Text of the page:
Being consistent means a lot of things, it means actually following the schedule the majority of the time, it means effort that’s evenly distributed from day to day and not just on special occasions. Multitasking and distraction should be kept to a minimum so that an hour of work is either 50 or 60 minutes. There’s some wiggle room, but not infinite variability. Consistency also implies some need for persistence. That means as the times get tough you’ll have to stick around and keep your repeated efforts. Consistency isn’t such an overestimated trait like work ethic is, but it’s an equally important part of the big three. If you’re not being consistent with your tasks and schedule, then that’s the hole in the dam that needs to be fixed.
It’s a Three Legged Stool
The three tenets of time, effort and consistency aren’t my own invention, they’ve existed longer than they’ve had words to describe them. These abstract values have been the backbone of productivity as far back as there have been things to do. The founding of some ancient civilization and sticking to a home workout program share these same three key traits. All three are equally important, as without one, you’d be applying two of the key traits and seeing little if any success. My advice here isn’t to just ‘be a hard worker’ or ‘waste less time’ but to stick to these three qualities and always focus on improving them. This will take you further than any self-help program.
Embracing the Struggle
Once you’ve abandoned the easy answers and quick solutions, you’ll have to accept one of the side effects of productivity, it’s not always fun. The three ingredients of effort, consistency and tend to wear people out and that’s normal. Willpower has been likened to a muscle and training it often also means resting it. Even taking short breaks throughout the day and even in the middle of some task can refresh and rejuvenate you enough to actually boost productivity, despite actually costing you a little time. In an article by lifehack.org, it’s noted that even taking a break every 80 minutes to waste a few minutes on social media or internet browsing was enough to boost productivity by 9%. Real work requires some, but not too much, downtime. Sometimes feeling run-down or over-stressed are the byproduct of productivity and it’s something to be mitigated, not avoided outright.
Burnout vs copout
There’s a lot of talk these days about burnout. Not the ancient Need for Speed game, but the long lasting emotional and mental fatigue that people are more worried about than cancer. Just how burnout is defined or diagnosed is frustratingly vague, that’s likely why everyone has it. It is possible, even, that burnout exists on a spectrum and it’s impossible to be completely rested at any one given time. People who feel “burned out” may actually be bored, fatigued, uninspired or even depressed because of the long list of symptoms that could be used as self-diagnosis. This is widely accepted as a real condition so it must be accounted for. What burnout means to you matters, give it too much power and it becomes the enemy of productivity. Burnout cannot be a reason to avoid putting in a good effort, the cost of safety being far too high. The idea should be to always push yourself hard, and back off when truly needing a break. Take note of which activities and amounts of time lead to the most burnout and jot them down for future reference, you may even see an improvement over time.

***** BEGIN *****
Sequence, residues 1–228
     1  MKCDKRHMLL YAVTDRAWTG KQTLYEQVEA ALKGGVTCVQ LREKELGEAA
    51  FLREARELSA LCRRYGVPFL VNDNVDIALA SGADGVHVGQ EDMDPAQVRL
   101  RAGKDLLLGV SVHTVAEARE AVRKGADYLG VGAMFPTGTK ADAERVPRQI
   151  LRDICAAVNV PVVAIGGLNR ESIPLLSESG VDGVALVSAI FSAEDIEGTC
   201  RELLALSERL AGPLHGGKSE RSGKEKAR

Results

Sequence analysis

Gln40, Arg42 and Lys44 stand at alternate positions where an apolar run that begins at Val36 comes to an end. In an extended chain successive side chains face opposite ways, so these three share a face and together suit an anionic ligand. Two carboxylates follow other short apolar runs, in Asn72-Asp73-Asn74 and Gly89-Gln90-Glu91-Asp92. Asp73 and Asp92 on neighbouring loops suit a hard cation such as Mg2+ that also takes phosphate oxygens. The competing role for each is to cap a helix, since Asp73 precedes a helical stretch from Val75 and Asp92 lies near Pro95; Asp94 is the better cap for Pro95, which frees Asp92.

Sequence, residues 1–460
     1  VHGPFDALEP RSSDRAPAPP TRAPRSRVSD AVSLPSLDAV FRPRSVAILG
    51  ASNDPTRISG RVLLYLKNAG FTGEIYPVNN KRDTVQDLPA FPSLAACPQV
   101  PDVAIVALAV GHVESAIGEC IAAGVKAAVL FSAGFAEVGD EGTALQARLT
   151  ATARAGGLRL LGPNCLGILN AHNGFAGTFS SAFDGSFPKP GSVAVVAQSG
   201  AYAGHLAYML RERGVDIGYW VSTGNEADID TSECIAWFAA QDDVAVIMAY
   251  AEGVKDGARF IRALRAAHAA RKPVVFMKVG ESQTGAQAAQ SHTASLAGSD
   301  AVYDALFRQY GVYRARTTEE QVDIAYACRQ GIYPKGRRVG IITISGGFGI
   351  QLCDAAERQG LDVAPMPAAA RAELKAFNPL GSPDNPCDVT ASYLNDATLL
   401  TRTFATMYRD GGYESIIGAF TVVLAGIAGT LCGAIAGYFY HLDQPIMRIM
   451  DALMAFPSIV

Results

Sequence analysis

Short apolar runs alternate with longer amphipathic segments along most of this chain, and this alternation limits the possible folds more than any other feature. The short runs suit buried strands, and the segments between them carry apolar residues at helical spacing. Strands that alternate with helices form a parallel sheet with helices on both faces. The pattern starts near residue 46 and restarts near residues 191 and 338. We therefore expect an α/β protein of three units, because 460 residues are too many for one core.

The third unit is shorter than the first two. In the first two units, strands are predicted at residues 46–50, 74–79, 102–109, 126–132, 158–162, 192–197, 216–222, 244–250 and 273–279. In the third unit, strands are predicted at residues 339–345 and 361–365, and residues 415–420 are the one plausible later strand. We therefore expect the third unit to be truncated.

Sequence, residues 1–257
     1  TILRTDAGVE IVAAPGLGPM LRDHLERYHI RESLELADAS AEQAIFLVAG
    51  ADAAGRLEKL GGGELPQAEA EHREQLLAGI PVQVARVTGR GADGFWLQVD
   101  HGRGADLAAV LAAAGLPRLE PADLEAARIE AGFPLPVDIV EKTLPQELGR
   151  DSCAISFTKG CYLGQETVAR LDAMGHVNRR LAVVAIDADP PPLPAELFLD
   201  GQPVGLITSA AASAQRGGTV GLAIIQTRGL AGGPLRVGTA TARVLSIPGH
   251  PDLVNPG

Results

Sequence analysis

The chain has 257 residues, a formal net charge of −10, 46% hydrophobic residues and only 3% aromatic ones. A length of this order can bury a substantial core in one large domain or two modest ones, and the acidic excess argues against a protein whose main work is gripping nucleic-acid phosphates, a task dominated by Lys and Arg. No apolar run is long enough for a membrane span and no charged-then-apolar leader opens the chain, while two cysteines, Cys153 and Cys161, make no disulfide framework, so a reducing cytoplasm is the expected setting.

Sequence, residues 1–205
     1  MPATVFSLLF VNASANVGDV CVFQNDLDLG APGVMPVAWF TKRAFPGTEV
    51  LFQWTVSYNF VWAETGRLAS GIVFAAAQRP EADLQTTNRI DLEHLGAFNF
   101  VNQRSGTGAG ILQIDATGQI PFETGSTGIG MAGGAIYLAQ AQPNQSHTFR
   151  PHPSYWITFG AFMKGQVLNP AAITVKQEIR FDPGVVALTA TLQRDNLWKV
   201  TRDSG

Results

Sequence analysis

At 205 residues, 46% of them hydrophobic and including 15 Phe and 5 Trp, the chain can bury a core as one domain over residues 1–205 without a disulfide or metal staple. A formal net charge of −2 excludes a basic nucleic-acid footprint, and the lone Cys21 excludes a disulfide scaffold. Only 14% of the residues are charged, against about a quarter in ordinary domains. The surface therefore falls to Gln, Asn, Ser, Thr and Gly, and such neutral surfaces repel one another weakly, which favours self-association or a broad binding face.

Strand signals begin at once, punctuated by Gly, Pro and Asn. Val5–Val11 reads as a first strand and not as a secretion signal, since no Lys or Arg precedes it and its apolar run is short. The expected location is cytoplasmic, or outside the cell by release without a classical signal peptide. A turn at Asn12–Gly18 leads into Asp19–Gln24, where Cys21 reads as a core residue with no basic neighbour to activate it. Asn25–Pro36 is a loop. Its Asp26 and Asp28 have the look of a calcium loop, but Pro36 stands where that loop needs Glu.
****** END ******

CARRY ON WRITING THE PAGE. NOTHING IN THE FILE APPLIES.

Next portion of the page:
Motivation doesn’t appear as one of the three core tenets of productivity and it’s not because I think lowly of it, rather it’s simply unreliable. It’s like that one friend that always comes up with the best ideas, but tries to make plans or get something done and they’ve flaked out yet again and never show up on time. Motivation is the same way, a powerful catalyst that can set things in motion, but isn’t doesn’t appear regularly to give you an extra shove towards productivity. Motivation is a great thing when it happens, so cherish it, but don’t expect it to be there every step of the way, that’s your role.
Four More Things to Increase Productivity
The three simple tenets of time, effort and consistency are the primary traits that will help you get things done. I’ve found a few other basic methods, that while aren’t the most original or novel techniques, are still simple and useful to apply to all kinds of activities that make their way into your daily planner. None of these are my own invention, but I’ve chosen things that relate closely to time, effort and consistency, complimenting them instead of replacing them.
P is for Pomodoro
The Pomodoro method comes from student and author Francesco Cirillo who used a tomato shaped timer to manage his study to break ratio. In a nutshell, he’d use the timer to study for 25 minutes and then rest for 5. Rinse and repeat four times before taking a longer break and either starting again or switching tasks. This isn’t the most groundbreaking technique to being productive, rather, it’s actually a strict method to plan breaks and work sessions. This ties in with time allocation, management and breaks, forcing them into an organized system that’s helped a lot of students and workers keep the fatigue low and the breaks short. Flexibility and applicability make this a good choice if you’re doing something highly fatiguing or difficult.